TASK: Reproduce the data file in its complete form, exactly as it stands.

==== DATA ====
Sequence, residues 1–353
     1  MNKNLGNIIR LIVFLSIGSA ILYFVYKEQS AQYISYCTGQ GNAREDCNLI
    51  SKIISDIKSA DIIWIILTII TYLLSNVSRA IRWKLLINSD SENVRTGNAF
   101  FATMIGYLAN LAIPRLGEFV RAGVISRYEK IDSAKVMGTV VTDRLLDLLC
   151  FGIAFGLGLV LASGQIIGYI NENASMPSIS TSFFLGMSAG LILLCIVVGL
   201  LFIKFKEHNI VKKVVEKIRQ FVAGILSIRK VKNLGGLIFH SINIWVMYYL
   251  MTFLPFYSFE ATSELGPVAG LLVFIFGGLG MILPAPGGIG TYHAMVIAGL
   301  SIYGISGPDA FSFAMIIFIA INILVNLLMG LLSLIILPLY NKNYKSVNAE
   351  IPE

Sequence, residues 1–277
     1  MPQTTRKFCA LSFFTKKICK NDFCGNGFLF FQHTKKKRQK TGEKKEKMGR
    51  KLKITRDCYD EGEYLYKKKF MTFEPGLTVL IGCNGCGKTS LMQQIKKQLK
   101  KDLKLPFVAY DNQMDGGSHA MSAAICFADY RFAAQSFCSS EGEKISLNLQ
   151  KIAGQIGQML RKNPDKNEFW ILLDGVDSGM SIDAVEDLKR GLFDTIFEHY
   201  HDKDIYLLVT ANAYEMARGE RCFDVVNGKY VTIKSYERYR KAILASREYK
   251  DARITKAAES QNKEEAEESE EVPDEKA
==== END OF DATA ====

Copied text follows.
Sequence, residues 1–353
     1  MNKNLGNIIR LIVFLSIGSA ILYFVYKEQS AQYISYCTGQ GNAREDCNLI
    51  SKIISDIKSA DIIWIILTII TYLLSNVSRA IRWKLLINSD SENVRTGNAF
   101  FATMIGYLAN LAIPRLGEFV RAGVISRYEK IDSAKVMGTV VTDRLLDLLC
   151  FGIAFGLGLV LASGQIIGYI NENASMPSIS TSFFLGMSAG LILLCIVVGL
   201  LFIKFKEHNI VKKVVEKIRQ FVAGILSIRK VKNLGGLIFH SINIWVMYYL
   251  MTFLPFYSFE ATSELGPVAG LLVFIFGGLG MILPAPGGIG TYHAMVIAGL
   301  SIYGISGPDA FSFAMIIFIA INILVNLLMG LLSLIILPLY NKNYKSVNAE
   351  IPE

Sequence, residues 1–277
     1  MPQTTRKFCA LSFFTKKICK NDFCGNGFLF FQHTKKKRQK TGEKKEKMGR
    51  KLKITRDCYD EGEYLYKKKF MTFEPGLTVL IGCNGCGKTS LMQQIKKQLK
   101  KDLKLPFVAY DNQMDGGSHA MSAAICFADY RFAAQSFCSS EGEKISLNLQ
   151  KIAGQIGQML RKNPDKNEFW ILLDGVDSGM SIDAVEDLKR GLFDTIFEHY
   201  HDKDIYLLVT ANAYEMARGE RCFDVVNGKY VTIKSYERYR KAILASREYK
   251  DARITKAAES QNKEEAEESE EVPDEKA